Introduction: Infinity Bear

I had this sad old bear that nobody plays with anymore, so I decided to give him a bit of a makeover and offer him to my little niece. This project is relatively easy assuming that you have basic understanding of soldering and Arduino functions.

Tools and materials

  • plush toy
  • see through clamshell packaging
  • acrylic heart box
  • reflective window film
  • thick paper
  • WS2812B 5050 RGB LED Strip
  • wires (preferably different colours)
  • Arduino mini pro
  • push button
  • ON/OFF switch
  • drills
  • power bank and USB cable
  • heat shrink
  • hot glue sticks
  • needle and thread
  • small piece of red felt
  • scissors
  • hot glue gun
  • soldering iron

Step 1: One Way Mirror

Trace the acrylic heart onto a thick piece of paper and cut out. Join the cutout and clamshell packaging together with paper clips and cut around. Clean the newly cut plastic heart and apply the reflective window film on the top of it.

Step 2: Personalise

Print out the letters of your choice, cut out and trace onto the thick paper. Cut out along side with a longer strip. Preferably you want the strip to be thinner than the LED strip. Glue the strip to the letter with hot glue. Once cooled apply more hot glue into the gap and place onto another piece of paper. Cut around. If you prefer to make a more professional one here is a nice instructable.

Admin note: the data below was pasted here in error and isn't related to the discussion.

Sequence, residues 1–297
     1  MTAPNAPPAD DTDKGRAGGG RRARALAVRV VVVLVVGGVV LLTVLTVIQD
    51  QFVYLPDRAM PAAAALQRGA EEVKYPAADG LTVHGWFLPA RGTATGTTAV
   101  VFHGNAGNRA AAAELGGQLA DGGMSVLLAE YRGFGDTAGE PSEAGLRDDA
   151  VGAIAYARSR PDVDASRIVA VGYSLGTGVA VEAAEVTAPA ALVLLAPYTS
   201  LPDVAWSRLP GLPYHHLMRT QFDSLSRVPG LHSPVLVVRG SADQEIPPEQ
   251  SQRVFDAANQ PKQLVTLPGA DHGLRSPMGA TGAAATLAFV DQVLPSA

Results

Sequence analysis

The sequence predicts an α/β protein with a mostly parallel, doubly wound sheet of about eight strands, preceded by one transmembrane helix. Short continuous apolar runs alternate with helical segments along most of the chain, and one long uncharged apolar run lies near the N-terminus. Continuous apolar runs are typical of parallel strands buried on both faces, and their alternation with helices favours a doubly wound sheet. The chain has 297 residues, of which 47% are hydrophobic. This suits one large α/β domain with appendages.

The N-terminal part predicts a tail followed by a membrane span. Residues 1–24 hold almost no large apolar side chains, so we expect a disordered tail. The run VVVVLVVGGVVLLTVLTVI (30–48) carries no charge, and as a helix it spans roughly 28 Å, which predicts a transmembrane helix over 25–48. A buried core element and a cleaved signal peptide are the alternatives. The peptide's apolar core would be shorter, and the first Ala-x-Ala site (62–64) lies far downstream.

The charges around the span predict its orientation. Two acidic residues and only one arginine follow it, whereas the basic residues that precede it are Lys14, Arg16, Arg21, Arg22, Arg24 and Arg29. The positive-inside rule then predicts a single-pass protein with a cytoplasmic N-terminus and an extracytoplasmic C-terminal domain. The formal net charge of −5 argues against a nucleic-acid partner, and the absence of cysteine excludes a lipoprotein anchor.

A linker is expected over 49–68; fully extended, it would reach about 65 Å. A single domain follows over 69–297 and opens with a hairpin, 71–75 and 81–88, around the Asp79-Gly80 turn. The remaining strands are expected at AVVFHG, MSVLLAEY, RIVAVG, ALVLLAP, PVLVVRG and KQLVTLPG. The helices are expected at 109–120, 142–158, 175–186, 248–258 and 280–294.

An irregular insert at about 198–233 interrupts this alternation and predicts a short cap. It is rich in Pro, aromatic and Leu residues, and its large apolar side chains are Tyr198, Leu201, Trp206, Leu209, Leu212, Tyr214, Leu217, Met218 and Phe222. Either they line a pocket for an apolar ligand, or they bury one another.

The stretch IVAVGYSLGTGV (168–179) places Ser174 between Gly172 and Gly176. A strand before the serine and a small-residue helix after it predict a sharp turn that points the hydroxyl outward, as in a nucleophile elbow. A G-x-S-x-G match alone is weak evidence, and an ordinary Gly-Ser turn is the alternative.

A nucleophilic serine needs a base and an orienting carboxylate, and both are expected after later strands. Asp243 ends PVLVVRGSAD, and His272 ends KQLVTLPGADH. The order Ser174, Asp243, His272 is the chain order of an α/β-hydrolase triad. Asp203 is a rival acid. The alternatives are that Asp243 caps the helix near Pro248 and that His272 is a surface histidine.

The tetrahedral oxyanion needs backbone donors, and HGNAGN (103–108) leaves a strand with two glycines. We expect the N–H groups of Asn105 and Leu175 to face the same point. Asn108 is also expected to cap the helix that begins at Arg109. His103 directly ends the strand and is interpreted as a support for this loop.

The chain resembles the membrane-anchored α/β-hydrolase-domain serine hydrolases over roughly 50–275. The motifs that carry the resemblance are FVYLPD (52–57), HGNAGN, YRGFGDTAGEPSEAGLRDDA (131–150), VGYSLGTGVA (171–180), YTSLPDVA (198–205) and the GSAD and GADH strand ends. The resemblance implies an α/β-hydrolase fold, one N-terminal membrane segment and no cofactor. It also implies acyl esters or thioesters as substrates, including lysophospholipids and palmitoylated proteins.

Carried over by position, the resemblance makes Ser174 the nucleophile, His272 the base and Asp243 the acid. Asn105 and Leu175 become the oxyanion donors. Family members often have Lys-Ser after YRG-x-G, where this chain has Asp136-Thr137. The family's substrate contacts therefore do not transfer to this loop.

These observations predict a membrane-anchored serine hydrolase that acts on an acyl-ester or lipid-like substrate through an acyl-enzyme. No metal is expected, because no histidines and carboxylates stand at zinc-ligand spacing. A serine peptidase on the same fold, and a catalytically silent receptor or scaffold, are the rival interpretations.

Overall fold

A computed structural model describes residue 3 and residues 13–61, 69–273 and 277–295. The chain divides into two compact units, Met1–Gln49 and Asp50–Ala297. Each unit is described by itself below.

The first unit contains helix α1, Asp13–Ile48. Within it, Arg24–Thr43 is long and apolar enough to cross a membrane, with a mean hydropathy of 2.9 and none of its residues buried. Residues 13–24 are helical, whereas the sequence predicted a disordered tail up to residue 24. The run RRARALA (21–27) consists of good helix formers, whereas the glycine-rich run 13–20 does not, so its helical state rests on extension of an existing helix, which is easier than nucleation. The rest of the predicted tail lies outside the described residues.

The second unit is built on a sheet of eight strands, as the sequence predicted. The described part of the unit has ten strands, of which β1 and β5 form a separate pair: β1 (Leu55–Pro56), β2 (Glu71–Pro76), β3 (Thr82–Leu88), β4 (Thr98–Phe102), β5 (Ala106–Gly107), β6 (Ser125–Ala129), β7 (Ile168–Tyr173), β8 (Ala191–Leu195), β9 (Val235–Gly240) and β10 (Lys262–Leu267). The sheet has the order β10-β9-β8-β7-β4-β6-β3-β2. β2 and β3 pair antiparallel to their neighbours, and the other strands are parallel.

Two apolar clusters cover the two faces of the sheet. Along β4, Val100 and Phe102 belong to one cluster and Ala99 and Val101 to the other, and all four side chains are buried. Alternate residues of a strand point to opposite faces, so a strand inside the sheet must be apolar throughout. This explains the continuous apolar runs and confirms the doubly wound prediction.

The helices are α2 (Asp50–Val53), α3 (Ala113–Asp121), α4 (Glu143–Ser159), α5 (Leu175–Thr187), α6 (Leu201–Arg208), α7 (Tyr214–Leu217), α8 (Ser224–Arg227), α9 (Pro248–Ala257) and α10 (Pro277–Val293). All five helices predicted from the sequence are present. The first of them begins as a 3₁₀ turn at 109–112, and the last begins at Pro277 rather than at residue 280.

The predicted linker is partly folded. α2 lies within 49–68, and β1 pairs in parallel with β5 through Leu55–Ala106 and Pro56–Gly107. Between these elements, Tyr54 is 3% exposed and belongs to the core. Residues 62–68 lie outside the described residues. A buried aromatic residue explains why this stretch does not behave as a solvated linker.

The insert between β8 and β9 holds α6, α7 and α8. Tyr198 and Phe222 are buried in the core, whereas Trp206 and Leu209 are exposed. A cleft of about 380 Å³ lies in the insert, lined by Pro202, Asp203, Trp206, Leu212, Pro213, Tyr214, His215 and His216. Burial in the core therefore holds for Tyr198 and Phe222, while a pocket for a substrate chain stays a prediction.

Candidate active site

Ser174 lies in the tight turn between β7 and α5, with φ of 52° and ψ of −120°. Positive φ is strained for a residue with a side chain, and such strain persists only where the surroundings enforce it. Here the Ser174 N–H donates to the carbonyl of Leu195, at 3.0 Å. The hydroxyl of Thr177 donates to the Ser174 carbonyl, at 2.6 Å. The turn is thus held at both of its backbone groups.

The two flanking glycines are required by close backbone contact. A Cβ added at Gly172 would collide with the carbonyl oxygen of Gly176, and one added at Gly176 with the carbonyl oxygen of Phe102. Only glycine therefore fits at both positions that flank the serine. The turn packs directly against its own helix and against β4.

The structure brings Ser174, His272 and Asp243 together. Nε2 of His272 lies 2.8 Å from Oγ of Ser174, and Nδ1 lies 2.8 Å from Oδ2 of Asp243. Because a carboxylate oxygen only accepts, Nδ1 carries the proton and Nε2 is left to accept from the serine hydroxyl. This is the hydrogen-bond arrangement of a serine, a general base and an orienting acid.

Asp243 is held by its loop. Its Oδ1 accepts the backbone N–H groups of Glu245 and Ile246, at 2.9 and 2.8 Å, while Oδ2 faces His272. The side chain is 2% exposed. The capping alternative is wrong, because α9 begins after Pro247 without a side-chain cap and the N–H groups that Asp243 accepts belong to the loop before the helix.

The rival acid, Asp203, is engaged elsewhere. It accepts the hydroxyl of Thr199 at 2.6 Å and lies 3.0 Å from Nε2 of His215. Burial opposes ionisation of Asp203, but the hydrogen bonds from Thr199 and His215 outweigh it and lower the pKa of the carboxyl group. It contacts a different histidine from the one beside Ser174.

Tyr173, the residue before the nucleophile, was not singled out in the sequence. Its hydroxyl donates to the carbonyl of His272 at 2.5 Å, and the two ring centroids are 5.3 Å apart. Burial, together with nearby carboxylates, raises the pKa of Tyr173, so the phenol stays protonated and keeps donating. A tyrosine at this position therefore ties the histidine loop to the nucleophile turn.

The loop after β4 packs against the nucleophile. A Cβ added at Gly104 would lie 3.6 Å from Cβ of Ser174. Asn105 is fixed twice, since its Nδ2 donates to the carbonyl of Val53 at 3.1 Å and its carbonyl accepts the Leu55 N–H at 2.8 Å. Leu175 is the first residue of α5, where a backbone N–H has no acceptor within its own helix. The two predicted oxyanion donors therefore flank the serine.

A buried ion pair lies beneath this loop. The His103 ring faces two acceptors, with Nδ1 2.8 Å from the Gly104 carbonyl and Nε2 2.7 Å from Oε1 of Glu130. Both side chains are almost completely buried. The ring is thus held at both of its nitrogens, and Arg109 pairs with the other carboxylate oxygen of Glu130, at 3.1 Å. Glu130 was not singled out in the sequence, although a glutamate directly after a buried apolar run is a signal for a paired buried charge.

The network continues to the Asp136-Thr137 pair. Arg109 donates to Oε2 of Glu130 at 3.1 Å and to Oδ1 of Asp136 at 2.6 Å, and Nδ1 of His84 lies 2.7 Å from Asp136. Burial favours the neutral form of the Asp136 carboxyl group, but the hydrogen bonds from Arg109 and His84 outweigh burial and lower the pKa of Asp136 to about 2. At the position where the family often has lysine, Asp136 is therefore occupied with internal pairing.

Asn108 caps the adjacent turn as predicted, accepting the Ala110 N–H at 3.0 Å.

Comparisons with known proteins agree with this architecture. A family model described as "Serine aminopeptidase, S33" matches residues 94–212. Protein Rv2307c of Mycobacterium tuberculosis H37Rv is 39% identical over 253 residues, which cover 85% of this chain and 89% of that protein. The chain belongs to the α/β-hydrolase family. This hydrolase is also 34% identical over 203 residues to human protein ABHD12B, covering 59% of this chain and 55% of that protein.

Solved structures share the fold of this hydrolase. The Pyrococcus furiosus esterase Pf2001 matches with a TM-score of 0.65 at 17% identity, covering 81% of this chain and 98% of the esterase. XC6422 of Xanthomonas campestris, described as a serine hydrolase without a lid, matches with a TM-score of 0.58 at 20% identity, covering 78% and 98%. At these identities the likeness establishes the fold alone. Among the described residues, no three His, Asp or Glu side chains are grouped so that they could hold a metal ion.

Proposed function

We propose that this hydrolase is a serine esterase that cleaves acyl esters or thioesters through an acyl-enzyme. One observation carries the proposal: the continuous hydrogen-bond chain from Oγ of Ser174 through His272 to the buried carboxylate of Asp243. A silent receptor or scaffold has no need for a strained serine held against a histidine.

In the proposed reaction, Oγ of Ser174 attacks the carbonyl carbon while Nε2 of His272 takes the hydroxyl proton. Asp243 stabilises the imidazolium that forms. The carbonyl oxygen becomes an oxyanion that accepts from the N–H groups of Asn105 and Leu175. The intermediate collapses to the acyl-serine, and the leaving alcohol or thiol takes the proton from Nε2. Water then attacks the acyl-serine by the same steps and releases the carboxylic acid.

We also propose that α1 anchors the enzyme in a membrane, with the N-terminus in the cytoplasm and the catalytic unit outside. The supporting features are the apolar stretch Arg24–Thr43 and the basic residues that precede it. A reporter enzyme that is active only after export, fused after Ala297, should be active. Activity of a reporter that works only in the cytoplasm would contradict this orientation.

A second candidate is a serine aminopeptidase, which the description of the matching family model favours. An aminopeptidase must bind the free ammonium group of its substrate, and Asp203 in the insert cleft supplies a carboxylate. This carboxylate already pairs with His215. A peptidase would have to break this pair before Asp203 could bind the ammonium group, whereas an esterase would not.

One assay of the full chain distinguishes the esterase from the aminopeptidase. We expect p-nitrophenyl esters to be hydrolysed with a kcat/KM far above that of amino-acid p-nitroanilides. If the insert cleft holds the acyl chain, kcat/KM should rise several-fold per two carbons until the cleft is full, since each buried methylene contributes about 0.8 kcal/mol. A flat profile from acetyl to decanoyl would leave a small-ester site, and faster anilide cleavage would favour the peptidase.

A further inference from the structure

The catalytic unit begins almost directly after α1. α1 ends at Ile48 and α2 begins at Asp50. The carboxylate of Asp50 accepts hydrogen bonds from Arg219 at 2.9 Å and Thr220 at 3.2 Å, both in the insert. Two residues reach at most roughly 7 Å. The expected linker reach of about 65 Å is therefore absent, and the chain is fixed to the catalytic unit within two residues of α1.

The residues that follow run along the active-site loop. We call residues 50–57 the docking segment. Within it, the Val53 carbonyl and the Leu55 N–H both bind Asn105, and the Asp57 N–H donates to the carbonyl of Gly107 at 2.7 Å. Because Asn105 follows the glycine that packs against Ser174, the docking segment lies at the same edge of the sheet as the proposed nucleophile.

Step 3: Lighting

Take your addressable LED strip (if waterproof like mine, cut off the outside layer).

Cut the strip into a required length and if needed apply double sided tape.

Place the reflective heart into the top part of the acrylic box followed by the LED strip. Score the contacts on the strip (makes the soldering easier) and solder on 3 wires (preferably of different colours). Affix the reflective heart to the LED strip with hot glue. You could use clear tape to help you lift up the heart whilst the glue cools down.

Take the paper heart from previous step and apply two layers of the reflective film over it. Glue the letter to the centre. Place the heart onto the LED strip and apply hot glue around to hold it in place.

Step 4: Arduino

I'm not very good at writing code so this one is derived from the NeoPixel sample sketch. I like to edit the code using Arduino uno and then upload it to Arduino mini pro (or cheap wannabe in this case).

Step 5: Modifying the Box

Drill a smaller hole followed by a bigger one on the side of the acrylic heart for the USB cable to come through. Drill another couple of holes on the back side of the heart for an ON/OFF switch.

Solder two wires on the ON/OFF switch terminals, slide them through the holes and apply heat shrink.

With a small flat headed screwdriver liberate the battery from it's casing.

Drill another small hole on the side of the heart for the push button wires.

Step 6: Soldering

Solder all of the wires as you see in the photos. Place the ON/OFF switch on the positive line coming from the battery.

Plug the micro USB cable into the power bank and glue the battery, switch, Arduino and the wires to the inside of the acrylic heart.